My career has also given me the opportunity to study my emotions. Almost 20 years ago, I was taught to facilitate behaviour and communication workshops. Through them, I gained an understanding of my own emotions and how to use them for my benefit as well as the well being of those around me.
Lesson learned: At Parents Together meetings, I was always amazed to see how few of us were gathered around that table, considering how widespread the problem is. In today`s world, there is no need to suffer in silence. Help is available. Your loved ones will be the ultimate beneficiaries of your courage to take that first step.
In A Farewell to Arms, Ernest Hemingway said, “The world breaks everyone and afterward many are strong in the broken places.”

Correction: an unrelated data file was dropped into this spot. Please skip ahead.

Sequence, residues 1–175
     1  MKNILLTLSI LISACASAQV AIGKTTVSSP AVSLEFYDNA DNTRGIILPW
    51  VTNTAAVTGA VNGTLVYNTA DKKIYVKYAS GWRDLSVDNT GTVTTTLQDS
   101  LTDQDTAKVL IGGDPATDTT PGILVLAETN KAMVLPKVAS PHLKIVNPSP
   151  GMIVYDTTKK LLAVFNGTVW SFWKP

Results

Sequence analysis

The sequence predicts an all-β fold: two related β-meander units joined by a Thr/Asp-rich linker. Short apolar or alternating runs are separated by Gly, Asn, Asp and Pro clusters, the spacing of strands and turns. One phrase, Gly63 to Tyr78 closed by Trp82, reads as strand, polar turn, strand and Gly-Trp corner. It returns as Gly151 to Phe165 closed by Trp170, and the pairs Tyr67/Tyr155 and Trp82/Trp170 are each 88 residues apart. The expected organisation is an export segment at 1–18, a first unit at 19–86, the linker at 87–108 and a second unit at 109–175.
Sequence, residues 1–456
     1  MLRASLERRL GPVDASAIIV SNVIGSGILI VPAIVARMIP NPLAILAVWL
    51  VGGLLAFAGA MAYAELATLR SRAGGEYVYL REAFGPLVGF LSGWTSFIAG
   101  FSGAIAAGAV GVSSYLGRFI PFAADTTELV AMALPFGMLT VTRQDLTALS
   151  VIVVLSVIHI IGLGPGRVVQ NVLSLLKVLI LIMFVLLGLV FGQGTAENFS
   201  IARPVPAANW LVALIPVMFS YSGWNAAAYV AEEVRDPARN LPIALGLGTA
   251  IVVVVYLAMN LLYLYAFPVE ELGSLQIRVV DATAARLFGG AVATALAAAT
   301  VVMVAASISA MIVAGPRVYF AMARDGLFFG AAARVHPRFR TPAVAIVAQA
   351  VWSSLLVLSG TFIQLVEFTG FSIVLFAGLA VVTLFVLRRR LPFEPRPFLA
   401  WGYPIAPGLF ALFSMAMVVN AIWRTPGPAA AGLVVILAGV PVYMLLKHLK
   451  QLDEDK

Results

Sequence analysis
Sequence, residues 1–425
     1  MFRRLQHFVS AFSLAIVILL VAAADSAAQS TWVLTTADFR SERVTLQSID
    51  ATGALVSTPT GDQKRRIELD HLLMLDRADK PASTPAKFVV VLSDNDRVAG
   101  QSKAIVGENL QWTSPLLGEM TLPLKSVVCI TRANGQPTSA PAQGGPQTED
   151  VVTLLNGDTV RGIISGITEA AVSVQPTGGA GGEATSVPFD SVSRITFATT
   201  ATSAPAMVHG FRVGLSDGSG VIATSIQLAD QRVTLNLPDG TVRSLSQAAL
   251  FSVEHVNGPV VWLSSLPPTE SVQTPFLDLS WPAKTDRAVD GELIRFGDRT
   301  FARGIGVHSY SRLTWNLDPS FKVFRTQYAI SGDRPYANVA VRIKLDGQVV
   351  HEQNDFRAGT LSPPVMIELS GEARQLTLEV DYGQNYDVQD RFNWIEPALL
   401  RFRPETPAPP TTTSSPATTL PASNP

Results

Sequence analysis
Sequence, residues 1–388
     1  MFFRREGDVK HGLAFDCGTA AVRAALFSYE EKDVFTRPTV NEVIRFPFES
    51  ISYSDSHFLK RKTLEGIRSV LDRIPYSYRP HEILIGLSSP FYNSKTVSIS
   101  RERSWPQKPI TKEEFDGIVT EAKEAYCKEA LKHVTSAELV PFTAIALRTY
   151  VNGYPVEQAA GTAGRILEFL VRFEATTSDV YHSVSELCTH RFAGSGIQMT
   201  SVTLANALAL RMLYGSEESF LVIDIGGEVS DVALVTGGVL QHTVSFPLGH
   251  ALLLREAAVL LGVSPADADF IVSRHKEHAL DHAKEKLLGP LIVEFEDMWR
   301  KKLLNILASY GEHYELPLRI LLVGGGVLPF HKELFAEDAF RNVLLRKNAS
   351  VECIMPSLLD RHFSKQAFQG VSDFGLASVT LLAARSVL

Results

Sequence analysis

Romans 5:3-4 says it even better: “We know that suffering
produces perseverance; perseverance, character; and character, hope.”
Hope: that is my wish for you in these years of living backwards.
Susan Young de Biagi is a regular contributor to prdn.
“As a trained historian, my twin passions are writing and teaching. In addition to Cibou—my first novel—I have written or co-written three books of non-fiction, and authored a number of digital, educational products.”